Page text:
LJS: What was the inspiration for Avians? Was it a concept, an action, place or person, or something quite other?
TG: I wanted to take aviation in a greener direction. I asked the question, “What would aviation look like on a world that burned no fossil fuels?” Gliders and solar-powered airships were the core elements of the story, and everything else flowed from that.
LJS: From that point of inspiration, how did the story unfold for you? Was it straight-forward, an easy linear projection, or were there digressions which occurred, characters who, or places which, became more integral to the story than anticipated?
TG: I actually wrote one of the middle scenes first, then created other action-filled vignettes fanning out from it. It was some time before I realized that I was writing a novel, but a framework began to emerge and the story took on a life of its own. Corby began as a minor character, but I found myself developing her point of view to give an adult perspective. She grew in my heart when I realized what a challenge it would be to command and care for squads of teenage pilots.
LJS: You are a pilot in real life, and you’re writing about flight in this story. Was it a conscious decision to write about flight, and if so, why?
TG: Too easy! I love flying. It offers beauty and serenity on good days, and challenges, risks, and even danger on bad ones. How could I not write about that?
LJS: From all the age demographics you could have chosen, why write for YA?
TG: The stereotypical pilot is a mature white male like me. I want to shatter that mold. Also, I have a passion for the underdog, which is why my young flyers come from unsupportive backgrounds. They are so powerless, until they start to strive. Then their strength of character begins to pull them through. I confess that I harbour a secret hope that one day a young reader will put down Avians, turn to her parents and say, “Forget the pony. I want a pilot’s licence!”
LJS: What was your aim with this story? Was there a conscious decision to share a message or thought, to explore a theme, or simply the desire to create an engaging, readable tale?
TG: I definitely set out to tell a simple tale of adventure, but a strange thing happened when I gave males and females equal treatment in reckoning family lineage. I had to wrestle with all sorts of social norms that radiated from that idea, and it became apparent that even when a society is utopian, there will be individuals who rebel against their role. And rise above.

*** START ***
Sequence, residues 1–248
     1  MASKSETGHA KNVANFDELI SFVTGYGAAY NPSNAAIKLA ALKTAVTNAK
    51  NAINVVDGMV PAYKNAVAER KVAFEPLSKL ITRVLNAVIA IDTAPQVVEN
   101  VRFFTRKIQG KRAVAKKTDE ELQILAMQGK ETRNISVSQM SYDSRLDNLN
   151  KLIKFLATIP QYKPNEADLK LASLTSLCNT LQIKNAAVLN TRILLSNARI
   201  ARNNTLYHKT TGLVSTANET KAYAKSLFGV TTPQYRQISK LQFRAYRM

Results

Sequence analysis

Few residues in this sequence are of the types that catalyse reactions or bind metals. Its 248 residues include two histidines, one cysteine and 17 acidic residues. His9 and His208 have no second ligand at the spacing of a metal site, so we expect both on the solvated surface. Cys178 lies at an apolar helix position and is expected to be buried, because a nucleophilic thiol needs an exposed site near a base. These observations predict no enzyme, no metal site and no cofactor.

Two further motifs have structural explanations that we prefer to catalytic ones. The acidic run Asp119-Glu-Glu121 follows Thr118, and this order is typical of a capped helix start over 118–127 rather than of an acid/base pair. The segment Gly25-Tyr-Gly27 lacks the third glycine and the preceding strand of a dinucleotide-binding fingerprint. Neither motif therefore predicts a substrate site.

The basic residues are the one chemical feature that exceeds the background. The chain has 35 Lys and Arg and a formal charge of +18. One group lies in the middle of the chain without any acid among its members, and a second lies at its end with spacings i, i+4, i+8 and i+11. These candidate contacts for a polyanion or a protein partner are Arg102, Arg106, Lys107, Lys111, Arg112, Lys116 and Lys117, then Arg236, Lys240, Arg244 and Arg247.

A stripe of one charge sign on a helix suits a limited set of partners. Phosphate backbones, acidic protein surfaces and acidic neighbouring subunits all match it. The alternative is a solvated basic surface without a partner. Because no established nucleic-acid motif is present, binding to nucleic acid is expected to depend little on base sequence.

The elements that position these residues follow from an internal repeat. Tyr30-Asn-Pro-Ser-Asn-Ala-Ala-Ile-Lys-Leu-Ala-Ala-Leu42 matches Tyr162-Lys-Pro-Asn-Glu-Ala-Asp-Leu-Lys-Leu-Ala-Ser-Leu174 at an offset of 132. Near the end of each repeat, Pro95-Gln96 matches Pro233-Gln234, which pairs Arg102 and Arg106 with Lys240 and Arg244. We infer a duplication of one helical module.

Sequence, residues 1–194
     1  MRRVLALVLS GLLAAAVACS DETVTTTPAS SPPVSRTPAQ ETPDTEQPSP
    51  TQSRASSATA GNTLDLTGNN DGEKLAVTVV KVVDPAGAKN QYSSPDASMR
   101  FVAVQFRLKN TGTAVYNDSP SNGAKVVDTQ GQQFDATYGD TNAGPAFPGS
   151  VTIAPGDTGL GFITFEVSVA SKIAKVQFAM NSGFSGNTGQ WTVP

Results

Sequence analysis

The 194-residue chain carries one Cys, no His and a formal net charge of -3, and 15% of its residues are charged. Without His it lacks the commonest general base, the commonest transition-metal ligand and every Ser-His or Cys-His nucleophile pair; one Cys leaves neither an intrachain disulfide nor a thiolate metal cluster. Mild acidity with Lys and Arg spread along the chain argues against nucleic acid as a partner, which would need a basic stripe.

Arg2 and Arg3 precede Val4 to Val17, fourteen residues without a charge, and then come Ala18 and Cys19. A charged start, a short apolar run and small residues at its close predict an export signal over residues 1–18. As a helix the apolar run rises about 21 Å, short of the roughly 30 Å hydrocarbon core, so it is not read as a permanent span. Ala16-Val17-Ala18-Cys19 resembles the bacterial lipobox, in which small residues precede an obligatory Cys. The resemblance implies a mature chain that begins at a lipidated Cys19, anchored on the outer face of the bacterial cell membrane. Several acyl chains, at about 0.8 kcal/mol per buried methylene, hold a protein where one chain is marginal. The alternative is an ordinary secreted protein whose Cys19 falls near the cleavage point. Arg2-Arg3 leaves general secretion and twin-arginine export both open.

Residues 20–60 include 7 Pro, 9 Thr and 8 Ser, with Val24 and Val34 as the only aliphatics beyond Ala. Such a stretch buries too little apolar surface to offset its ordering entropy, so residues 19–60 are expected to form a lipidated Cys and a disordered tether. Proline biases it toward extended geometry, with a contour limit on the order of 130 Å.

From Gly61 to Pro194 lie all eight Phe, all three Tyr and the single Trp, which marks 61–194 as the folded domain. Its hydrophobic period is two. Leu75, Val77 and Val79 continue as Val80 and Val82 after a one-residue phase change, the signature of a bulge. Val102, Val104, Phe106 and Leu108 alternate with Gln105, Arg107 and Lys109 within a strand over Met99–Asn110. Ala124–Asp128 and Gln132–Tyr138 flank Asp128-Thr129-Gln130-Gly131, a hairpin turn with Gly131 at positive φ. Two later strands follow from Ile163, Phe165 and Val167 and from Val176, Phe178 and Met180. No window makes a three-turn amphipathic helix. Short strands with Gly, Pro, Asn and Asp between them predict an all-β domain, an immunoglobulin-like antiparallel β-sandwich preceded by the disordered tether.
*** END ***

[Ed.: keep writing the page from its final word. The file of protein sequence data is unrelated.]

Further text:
LJS: Because Five Rivers is very much a Canadian publisher, showcasing Canadian themes and talents, would you say Avians is particularly Canadian in philosophy or outlook, and why or why not?
TG: It certainly isn’t Canadian in setting, but all of the characters have names that reflect a very multicultural background as well as the gender equality I mentioned above. I think it takes Canadian confidence to paint that society as a peaceful and harmonious one.
LJS: How many iterations did Avians go through before you felt you’d come up with a story you could market to a publisher?
TG: There were countless revisions. The initial fragmentary vignettes are lost, but whatever they comprised, it wasn’t a novel. The first version to have a beginning a middle and an end was called Skytraders. It didn’t really have a theme. A more polished version went under the working title of Flying Fish, but it still lacked cohesion and suffered from a stiff voice. At the end of that cycle, I took it to a freelance editor, Samantha Beiko, and changed the name to Avians of Celadon. She helped me clean up the writing, and I began to believe it was marketable. That’s when I began pitching it to publishers.
LJS: You’ve chosen a female protagonist for this story, the very independent and capable character of Raisa. Did the current social climate advocating feminism and representation influence your decision to write a very female perspective?
TG: No. My own upbringing was very feminist for its day, and the pro-female slant of this book is mine. I wanted to write a story with girls who face danger head on and don’t hope or need to be rescued by a man. I feel very glad that society has caught up.
LJS: What’s next for Timothy Gwyn? A sequel, another novel?
TG: Raisa will ride again. No good deed goes unpunished, and her powerful new friends demand that she go undercover to see what’s behind a wave of banditry that threatens to tear her society apart. It’s Joan of Arc versus Ghengis Khan. With parachutes.
Avians releases August 1, 2017 in both trade paperback and eBook, and is available directly through Five Rivers, and your favourite online bookseller worldwide.